Full disclosure: I own a fundraising agency that charges a fee to carry out various services for various charities. But I acknowledge there are bad agencies and good agencies. There are agencies and suppliers that take the piss and there are agencies and suppliers that offer charities real value for money and can run an aspect of a charity’s fundraising cheaper and better than the charity could do themselves.
This isn’t about defending agencies, but it is about clarifying a misleading statement that seems to worm its way in to any report on any form of fundraising.: The majority of the revenue goes to the agency, not the charity.
In most cases this will be true, and if you don’t really think too much about its meaning it can be shocking and disappointing. But it’s misleading.
Take the recent coverage of charity bins: One article claimed that a clothes bank can generate €7,000 in a year, but the charity only received €150 in the year. This implies the private company running the clothes banks gets a whopping €6,850 or 98% of the revenue.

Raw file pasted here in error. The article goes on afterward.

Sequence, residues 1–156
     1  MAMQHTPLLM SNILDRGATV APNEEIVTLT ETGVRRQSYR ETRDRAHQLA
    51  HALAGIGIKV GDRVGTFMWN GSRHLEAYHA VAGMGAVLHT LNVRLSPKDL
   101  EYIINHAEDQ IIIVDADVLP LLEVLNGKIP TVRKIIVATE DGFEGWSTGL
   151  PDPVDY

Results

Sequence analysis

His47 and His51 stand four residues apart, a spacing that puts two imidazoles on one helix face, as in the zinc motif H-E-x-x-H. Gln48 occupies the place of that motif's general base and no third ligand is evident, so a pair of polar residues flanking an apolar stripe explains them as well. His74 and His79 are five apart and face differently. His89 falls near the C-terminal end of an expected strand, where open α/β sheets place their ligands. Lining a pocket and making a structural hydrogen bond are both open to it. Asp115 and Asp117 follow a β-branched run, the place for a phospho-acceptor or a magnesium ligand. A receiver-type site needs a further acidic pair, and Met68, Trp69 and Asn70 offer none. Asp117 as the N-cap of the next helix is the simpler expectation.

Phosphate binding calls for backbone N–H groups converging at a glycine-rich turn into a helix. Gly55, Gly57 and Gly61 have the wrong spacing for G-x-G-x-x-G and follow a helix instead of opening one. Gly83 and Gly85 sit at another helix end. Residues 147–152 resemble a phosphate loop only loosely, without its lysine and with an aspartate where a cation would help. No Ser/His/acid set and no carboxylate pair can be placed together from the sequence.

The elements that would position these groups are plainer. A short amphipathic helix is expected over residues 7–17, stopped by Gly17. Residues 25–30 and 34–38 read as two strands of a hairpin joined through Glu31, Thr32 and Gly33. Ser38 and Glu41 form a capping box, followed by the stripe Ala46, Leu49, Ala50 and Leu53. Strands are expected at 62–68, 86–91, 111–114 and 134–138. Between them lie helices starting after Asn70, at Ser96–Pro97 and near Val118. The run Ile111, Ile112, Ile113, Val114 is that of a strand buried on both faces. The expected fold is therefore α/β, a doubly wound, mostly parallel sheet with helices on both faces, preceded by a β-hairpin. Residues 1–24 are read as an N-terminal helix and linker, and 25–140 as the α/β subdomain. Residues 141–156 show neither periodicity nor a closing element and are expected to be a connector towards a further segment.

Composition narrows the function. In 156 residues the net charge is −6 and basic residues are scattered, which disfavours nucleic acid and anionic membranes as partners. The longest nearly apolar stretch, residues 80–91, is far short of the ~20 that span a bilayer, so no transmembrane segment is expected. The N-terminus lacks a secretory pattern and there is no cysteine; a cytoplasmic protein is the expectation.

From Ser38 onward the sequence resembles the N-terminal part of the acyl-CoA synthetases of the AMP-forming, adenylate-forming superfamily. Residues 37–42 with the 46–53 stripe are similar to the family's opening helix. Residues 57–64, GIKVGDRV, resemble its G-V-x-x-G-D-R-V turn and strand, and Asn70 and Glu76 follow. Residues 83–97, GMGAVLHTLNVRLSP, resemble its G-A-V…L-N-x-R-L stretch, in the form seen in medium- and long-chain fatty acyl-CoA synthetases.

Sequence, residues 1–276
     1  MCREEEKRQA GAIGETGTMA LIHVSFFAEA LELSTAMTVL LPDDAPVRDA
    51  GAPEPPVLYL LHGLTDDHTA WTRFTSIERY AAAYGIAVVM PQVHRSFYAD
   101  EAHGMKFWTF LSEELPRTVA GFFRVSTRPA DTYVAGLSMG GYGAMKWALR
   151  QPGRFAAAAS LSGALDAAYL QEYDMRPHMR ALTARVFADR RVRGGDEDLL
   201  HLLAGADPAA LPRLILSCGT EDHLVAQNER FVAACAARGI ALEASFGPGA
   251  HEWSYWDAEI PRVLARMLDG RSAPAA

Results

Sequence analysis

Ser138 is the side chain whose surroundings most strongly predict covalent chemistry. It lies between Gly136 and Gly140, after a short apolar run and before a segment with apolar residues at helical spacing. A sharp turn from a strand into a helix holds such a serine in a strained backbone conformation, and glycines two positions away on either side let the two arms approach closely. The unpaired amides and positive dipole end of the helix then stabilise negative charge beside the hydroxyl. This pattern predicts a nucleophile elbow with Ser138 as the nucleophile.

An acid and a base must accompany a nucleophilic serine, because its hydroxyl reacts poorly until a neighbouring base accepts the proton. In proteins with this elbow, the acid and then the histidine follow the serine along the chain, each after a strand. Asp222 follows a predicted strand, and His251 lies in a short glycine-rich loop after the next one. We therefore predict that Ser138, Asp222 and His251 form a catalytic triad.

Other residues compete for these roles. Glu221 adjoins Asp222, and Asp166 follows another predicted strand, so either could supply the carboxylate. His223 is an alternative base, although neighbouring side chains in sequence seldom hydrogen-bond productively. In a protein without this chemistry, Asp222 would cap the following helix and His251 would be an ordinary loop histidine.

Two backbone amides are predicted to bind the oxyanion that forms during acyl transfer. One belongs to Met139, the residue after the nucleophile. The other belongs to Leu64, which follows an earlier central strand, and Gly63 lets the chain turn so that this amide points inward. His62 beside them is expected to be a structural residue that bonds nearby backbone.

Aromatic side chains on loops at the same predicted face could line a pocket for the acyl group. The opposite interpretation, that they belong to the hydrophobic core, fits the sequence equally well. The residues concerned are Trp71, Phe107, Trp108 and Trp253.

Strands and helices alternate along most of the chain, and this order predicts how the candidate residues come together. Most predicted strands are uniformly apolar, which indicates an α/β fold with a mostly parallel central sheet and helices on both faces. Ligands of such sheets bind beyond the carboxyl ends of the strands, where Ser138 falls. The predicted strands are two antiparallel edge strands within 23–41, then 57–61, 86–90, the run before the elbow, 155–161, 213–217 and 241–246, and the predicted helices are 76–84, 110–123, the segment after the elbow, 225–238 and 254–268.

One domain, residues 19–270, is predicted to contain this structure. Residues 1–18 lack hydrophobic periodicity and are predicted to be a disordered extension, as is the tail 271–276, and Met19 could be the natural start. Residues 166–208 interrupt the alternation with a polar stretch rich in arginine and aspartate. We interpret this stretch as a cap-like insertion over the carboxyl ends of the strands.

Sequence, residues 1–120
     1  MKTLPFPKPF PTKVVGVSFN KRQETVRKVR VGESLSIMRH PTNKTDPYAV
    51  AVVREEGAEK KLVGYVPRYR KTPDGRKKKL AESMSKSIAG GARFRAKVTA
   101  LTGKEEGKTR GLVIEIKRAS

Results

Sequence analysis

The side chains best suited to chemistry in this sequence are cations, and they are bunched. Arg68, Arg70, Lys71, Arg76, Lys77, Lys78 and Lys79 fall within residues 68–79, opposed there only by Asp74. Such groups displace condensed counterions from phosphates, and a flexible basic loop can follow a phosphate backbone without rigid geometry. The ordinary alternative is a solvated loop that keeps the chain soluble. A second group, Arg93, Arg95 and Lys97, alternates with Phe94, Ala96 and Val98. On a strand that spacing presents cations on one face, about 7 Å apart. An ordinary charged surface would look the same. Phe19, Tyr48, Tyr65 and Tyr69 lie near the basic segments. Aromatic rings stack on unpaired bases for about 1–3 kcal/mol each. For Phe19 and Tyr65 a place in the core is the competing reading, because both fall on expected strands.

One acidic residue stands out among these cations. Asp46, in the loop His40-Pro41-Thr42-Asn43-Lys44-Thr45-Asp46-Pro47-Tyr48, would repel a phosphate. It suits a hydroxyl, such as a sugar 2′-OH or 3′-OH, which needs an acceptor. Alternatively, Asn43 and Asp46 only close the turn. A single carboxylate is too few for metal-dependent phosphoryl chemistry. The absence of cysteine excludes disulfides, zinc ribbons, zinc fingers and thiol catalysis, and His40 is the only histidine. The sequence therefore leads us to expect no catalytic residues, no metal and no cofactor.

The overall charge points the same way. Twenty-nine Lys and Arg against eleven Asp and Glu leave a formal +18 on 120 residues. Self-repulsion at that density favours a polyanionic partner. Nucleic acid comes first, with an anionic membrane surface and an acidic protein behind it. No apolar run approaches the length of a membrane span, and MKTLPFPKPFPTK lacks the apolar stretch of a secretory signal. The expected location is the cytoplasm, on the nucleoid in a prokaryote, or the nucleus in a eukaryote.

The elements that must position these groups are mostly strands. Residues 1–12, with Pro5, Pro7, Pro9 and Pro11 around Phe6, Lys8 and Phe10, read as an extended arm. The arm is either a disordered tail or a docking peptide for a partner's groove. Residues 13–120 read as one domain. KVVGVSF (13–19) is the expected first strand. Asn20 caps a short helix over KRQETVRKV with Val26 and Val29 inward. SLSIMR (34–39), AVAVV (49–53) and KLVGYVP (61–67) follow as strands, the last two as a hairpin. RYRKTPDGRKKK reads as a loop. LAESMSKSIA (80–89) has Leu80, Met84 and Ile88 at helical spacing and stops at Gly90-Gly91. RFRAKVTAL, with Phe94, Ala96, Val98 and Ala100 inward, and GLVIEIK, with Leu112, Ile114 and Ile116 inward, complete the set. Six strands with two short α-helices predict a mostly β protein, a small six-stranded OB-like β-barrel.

But what it doesn’t talk about is costs. The costs in this example fall entirely on the private company running the bins – the cost of insurance, transport, wages, sorting, rent of space, waste disposal, tax, PRSI, etc. It’s important to know the costs before a conclusion is made. If it costs €1,000 per year to maintain a clothes bank, well that seems a bit unfair. But what if it costs €6,800 per year to run a clothes bank? The company comes away with €50, the charity comes away with €150,
If the charity decided to bring the running of that clothes bin in-house they wouldn’t be €6,850 per year better off. They would be €6,850 minus their new-found costs better off. They’d have to take on all the costs of running it…plus the risk.
Here are some interesting figures:
- Eco-environmental (a private clothing bin company) recorded €30,000 profit in 2011 and a €23,000 loss in 2010. Average €3,500 profit.
- ISPCC received about €76,000 per year from them (according to the Irish Times).